Figure 1. Compatibility (A) and incompatibility (B) reactions between Fusarium graminearum strains on V8-soybean medium. Multiple crosses among different Fusarium graminearum strains in V8-soybean plate (C).

Figura 1. Reacciones de compatibilidad (A) e incompatibilidad (B) entre cepas de Fusarium graminearum sobre medio V8-soja. Placa de medio V8-soja donde se observan múltiples cruzamientos entre distintas cepas de Fusarium graminearum (C).

Mycelial reactions for each strain were recorded in a binary matrix where 1 represented a compatible reaction and 0 an incompatible one. Compatibility was scored 1 because it requires a higher level of matching between mycelial compatibility than incompatibility, which can occur from differences at a few loci. The mycelial compatibility group data were transported to obtain a complete matrix.

The genetic similarity was estimated using the SinQual program (NTSYS.pc version 2.01), taking into account all pairs of strains tested according to Dice coefficient. The dendrogram of genetic similarity was constructed using the method of arithmetic means UPGMA and comparison program NTSYS matrices (NTSYS.pc version 2.01).

Pathogenicity assays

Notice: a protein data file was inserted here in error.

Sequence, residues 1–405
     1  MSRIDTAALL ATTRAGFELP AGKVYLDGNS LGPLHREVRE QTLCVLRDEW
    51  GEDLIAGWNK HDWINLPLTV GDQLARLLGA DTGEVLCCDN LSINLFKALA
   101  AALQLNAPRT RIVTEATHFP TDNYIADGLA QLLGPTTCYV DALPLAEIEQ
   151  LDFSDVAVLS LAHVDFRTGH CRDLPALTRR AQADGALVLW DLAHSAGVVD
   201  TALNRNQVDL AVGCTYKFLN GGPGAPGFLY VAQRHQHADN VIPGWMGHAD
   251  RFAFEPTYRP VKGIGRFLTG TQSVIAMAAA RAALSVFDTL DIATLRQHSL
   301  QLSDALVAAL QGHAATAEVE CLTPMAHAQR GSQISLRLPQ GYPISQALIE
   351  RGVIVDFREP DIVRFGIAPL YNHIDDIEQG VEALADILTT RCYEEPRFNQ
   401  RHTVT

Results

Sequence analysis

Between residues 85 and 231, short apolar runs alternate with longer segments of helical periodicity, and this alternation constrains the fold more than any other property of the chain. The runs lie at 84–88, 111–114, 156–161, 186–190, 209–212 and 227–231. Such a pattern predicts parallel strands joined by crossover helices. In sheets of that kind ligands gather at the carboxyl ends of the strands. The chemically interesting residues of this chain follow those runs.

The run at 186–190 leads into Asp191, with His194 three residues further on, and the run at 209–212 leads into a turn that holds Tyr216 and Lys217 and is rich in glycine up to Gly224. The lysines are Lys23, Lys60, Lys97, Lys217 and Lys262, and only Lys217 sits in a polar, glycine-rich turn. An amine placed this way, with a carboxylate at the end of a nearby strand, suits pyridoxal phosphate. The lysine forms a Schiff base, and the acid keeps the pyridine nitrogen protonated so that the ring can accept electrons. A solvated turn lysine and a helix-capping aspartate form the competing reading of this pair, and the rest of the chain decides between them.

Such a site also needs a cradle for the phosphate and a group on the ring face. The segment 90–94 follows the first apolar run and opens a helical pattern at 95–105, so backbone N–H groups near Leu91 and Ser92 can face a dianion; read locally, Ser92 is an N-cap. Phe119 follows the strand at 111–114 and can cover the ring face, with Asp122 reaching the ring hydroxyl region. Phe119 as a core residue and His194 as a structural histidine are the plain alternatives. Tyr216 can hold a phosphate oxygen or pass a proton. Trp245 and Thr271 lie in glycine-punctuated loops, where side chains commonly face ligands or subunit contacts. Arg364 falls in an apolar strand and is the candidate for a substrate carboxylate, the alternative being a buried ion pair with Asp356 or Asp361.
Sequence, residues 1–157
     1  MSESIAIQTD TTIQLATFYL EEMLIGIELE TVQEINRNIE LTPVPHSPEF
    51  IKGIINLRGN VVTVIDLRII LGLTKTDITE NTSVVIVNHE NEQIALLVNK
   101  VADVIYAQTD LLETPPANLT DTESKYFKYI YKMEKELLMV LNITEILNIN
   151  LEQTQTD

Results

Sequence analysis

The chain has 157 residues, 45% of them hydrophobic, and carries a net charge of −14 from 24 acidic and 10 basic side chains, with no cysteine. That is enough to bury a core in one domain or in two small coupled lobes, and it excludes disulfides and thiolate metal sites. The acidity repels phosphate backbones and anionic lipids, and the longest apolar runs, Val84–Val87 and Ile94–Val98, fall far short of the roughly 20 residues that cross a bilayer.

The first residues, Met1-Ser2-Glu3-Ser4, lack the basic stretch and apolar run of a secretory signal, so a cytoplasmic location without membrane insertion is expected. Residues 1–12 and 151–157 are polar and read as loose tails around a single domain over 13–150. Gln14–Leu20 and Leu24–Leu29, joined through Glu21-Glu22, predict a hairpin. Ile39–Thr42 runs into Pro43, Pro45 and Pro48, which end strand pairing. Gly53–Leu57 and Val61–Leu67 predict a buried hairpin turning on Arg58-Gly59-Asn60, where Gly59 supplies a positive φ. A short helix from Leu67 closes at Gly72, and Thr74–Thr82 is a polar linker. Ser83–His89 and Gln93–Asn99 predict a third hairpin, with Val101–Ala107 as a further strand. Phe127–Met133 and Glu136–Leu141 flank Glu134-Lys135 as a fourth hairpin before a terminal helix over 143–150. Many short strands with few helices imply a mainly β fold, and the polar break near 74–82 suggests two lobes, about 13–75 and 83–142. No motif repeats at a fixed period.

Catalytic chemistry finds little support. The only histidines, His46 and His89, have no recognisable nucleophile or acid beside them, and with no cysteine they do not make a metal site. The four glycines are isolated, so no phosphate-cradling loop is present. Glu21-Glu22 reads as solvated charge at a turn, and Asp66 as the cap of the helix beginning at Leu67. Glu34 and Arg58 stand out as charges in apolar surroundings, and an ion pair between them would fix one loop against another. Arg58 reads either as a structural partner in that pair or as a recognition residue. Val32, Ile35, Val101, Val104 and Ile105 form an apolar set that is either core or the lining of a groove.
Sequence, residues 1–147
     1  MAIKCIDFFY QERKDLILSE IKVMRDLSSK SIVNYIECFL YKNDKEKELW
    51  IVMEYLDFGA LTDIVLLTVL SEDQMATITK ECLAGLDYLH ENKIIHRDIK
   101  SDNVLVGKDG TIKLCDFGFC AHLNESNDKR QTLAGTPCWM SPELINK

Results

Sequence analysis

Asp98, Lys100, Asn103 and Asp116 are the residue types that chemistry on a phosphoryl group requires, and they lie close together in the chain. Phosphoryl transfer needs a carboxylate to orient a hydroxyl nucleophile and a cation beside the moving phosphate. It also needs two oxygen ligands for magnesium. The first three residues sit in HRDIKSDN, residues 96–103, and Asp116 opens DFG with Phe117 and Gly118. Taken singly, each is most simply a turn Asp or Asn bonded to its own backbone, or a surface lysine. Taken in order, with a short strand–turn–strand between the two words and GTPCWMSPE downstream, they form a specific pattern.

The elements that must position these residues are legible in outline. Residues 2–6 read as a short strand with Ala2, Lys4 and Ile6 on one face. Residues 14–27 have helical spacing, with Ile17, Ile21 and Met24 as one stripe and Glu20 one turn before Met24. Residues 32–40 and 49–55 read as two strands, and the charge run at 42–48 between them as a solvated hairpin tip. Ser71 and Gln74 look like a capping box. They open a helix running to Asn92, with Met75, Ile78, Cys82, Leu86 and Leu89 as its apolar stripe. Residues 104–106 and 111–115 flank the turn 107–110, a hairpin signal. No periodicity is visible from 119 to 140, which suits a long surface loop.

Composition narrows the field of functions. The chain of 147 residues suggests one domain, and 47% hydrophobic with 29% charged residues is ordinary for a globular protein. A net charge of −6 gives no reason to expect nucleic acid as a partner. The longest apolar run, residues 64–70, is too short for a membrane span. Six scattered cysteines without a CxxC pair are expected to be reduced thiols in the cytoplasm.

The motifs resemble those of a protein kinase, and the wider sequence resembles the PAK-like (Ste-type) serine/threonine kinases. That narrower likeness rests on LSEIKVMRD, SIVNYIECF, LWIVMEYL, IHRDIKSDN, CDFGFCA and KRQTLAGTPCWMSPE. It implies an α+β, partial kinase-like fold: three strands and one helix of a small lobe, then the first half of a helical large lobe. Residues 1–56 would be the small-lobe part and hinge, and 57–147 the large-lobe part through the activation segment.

Out of 50 F. graminearum strains included in the compatibility analysis we arbitrary selected 10 strains to perform the pathogenicity tests. Two F. meridionale strains (F5043 y F5048) were included as positive control since were highly aggressive in a previous study on soybean seedlings (6). Three soybean cultivars were used in the present study: Nidera 5009, Nidera 5258 and Don Mario 5.1 i. The evaluation of seedlings height and disease severity was performed in a rolled-towel assay described by Xue et al. (2007). Soybean seeds were surface disinfected by soaking in 0.5% (v/v) NaOCl for 30 sec and rinsed twice in sterile distilled water.

Then disinfected seeds were spread evenly on two layers of sterilized paper towels moistened with 50 ml of sterilized water and covered with two layers of paper towels in plastic containers to allow the germination. Containers were covered with plastic lids and kept in darkness at 24°C for 3-4 days until plants were at the early VE growth stage and root hairs were visible. Visually healthy seedlings were selected and disinfected as described above. Seedlings were infested by transferring agar plugs (5 mm in diameter) with a sterilized metal needle from 7-day-old fungal cultures to the root-hair zone, about 1.5 cm behind the primary-root tip.